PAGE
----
words + photos by Ellen Barone

Exploding fireworks. Tolling bells. High volume music. Tooting car horns. Sound is omnipresent in Latin America; the vibrant soundtrack of every day life. But from the cozy sling of a hammock on the veranda of a private casita at Hacienda Puerta del Cielo Ecolodge & Spa, it felt as if Nicaragua had gone silent.

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It was early December, mid-way through a three-month stay in the nearby Colonial city of Granada where the town had been rocking for days in boisterous preparation of the upcoming Feast of the Immaculate Conception celebration. At the Hacienda, however, perched atop a remote hillside with unimpeded views of tangled jungle, smoldering volcano and glistening lake, there wasn’t even a whiff of noise on the balmy breeze. As if to make the point, soundless butterflies the size of dessert plates fluttered about the resort gardens.

Soon though, the subtle sounds of nature began to reveal themselves: the screech of a passing flock of parrots, the distinct trill of a kingfisher, the cheery chirps of geckos, the gentle rustle of palm fronds and giant guanacaste trees. For a blissful 48-hours, my husband and I padded between pool and hammock in companionable silence while we napped, read, and daydreamed the days away.

When mealtimes arrived, we’d head for the open-air lodge where a friendly staff served delicious locally-sourced meals that were included as part of our room rate, as were all snacks, bottled water, soft drinks, fruit juices, and Nicaraguan Flor de Cana rum and Toña beer. At night, we fell asleep to a skylight view of sparkling night sky and a melodious chorus of insects, tree frogs, and jungle creatures.

Had we not been living in the area, we could have elected to take daylong excursions to the Mambacho cloud forest and coffee plantation, Masaya volcano and artisan market, the isletas of Lake Nicaragua, or to go zip lining through the jungle canopy off the property. But we came for peace and quiet. A hike down a forest trail to the lake was about as far as we ventured before heading back to the pool and hammocks.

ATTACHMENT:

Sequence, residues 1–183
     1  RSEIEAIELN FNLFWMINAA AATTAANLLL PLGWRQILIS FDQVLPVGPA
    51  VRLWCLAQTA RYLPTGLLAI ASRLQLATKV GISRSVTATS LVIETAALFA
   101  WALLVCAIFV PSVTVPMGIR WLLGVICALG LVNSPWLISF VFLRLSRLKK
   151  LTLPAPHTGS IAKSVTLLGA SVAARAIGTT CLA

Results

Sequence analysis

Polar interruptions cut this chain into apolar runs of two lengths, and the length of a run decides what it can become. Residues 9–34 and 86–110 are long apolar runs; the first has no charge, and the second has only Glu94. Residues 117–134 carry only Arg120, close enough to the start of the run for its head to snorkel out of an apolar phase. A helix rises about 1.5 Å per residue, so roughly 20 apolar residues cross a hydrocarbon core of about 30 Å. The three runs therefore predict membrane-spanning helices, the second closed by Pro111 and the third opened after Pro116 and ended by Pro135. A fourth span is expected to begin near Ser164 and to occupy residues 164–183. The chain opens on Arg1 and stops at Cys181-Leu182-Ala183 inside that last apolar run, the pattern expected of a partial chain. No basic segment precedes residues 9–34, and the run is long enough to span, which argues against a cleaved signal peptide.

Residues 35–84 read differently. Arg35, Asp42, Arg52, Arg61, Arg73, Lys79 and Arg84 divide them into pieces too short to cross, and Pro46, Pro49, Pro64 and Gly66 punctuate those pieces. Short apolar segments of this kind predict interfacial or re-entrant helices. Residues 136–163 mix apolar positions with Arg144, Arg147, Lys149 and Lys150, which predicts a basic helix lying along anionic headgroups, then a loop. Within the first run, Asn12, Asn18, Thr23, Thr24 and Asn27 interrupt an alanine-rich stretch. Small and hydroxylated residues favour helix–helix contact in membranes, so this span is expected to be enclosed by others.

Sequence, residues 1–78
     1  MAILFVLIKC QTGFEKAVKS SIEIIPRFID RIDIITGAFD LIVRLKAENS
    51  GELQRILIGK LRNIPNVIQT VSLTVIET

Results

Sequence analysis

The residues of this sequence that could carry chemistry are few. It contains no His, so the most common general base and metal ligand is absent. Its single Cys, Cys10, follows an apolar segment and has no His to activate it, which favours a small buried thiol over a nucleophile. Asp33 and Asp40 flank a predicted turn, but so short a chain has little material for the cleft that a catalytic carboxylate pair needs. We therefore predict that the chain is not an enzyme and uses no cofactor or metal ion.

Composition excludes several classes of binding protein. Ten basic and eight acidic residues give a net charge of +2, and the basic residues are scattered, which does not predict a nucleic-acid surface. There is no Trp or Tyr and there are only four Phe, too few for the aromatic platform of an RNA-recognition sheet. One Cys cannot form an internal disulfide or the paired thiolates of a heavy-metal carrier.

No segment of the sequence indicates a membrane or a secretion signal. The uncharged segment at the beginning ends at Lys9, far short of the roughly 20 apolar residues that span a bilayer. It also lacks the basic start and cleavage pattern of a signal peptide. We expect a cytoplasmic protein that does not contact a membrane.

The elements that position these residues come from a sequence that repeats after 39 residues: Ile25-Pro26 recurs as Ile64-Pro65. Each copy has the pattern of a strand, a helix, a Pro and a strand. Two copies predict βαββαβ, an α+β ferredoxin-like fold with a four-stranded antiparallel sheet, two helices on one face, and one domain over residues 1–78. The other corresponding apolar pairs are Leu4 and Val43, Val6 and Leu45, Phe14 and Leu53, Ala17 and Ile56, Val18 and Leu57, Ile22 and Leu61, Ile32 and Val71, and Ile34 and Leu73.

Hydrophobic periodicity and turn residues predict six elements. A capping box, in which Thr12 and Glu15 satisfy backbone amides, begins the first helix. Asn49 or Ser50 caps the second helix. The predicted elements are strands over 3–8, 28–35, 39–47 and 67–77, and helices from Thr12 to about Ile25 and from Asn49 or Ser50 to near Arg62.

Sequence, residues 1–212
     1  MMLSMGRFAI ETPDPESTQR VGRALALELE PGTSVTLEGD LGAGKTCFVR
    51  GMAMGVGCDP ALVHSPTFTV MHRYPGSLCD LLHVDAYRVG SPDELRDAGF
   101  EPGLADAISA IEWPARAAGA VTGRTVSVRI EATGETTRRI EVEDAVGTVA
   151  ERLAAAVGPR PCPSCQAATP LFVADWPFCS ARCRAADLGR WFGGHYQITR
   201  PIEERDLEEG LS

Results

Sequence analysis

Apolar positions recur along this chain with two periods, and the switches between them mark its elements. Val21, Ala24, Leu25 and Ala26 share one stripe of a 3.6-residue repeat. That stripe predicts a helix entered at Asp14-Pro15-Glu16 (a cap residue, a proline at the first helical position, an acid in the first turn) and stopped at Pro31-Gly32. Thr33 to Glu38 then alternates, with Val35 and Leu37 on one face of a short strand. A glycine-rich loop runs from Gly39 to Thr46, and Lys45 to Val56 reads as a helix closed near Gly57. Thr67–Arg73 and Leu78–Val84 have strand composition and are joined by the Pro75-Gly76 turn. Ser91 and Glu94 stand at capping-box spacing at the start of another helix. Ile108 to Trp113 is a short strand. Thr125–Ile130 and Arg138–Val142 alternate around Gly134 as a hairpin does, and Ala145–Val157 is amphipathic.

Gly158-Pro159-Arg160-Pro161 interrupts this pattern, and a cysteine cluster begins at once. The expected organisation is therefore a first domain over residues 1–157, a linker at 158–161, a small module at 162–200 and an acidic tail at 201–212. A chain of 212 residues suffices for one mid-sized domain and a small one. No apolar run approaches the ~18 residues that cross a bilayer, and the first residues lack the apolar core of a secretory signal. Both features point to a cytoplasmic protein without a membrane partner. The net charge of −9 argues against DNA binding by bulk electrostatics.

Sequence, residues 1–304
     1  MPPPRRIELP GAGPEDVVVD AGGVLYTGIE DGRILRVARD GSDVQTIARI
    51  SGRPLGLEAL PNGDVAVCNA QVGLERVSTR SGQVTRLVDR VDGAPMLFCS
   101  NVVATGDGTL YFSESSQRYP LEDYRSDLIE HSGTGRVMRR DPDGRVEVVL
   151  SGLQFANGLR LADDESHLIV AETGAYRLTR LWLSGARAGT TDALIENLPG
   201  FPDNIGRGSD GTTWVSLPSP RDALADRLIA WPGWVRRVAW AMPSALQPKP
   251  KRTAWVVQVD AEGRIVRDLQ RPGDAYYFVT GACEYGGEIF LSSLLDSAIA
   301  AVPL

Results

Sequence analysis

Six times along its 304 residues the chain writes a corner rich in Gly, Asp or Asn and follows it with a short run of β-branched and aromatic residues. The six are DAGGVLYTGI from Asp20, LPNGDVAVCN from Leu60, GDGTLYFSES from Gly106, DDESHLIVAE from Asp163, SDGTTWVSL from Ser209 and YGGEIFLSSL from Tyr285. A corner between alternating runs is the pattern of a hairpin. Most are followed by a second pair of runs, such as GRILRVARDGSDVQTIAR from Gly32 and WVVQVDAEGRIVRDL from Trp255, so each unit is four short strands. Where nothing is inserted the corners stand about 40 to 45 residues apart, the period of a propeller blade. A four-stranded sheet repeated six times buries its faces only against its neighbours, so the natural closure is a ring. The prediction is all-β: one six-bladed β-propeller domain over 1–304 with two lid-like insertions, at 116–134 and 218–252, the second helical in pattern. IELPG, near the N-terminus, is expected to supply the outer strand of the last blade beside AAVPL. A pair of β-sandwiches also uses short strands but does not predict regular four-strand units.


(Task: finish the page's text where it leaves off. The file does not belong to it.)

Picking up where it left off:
The 7-casita, 60-acre property is the inspiration of two Nicaraguan brothers who, as boys, lived a few miles down the road in the town of Masatepe. But like many who fled the country during the Sandinista revolution and resulting Contra war in the late seventies and eighties, the family left Nicaragua and settled in the U.S.. Fueled by decades of peace, fond childhood memories, strong family ties, and a love for their homeland the brothers purchased the property and began the three-year process of creating a luxurious eco-friendly hideaway for nature loving visitors. 

Boasting artisanal wood, stone, metal, and artwork, the resort is refreshingly devoid of mass-produced products. From the narrow, rustic entry road, bamboo caned ceilings, locally crafted furniture, and handpainted murals, to the absence of television and phones in the casitas, every aspect of the Hacienda experience reinforced a feeling that’s remained with us since our first visit to Nicaragua a decade ago - that we were somewhere special.


Hacienda Puerta del Cielo (011-505-8396-2039, http://www.haciendapuertadelcielo.com) offers air-conditioned shuttle service to and from the Managua airport; travel time is less than an hour. All-inclusive spa, tourism, honeymoon, and Spanish immersion packages are available. Free Wi-Fi available in public spaces.

Nicaragua is a friendly, natural and cultural rich destination for adventurous travelers looking to step off the beaten tourist path. It boasts a gigantic freshwater lake, with twin volcanoes rising from its center; mountain terraced coffee plantations; pristine Pacific beaches; Caribbean islands; one of Central America’s least spoiled colonial cities, Granada; and very few tourists. Learn more about travel in Nicaragua at: VisitNicaragua.com.

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Ellen Barone has been creating words and images for travel and tourism since 1998. She co-founded and publishes the group travel blog YourLifeIsATrip.com and is currently at work on her first book "I Could Live Here".